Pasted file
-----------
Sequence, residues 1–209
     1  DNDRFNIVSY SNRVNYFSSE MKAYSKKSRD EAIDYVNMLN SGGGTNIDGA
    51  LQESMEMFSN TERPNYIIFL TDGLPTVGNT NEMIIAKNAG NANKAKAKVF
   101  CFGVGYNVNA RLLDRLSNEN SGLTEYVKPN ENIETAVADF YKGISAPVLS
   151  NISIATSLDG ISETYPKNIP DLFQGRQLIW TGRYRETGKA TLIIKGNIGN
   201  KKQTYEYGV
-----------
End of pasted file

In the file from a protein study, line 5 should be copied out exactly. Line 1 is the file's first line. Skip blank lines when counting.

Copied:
   151  NISIATSLDG ISETYPKNIP DLFQGRQLIW TGRYRETGKA TLIIKGNIGN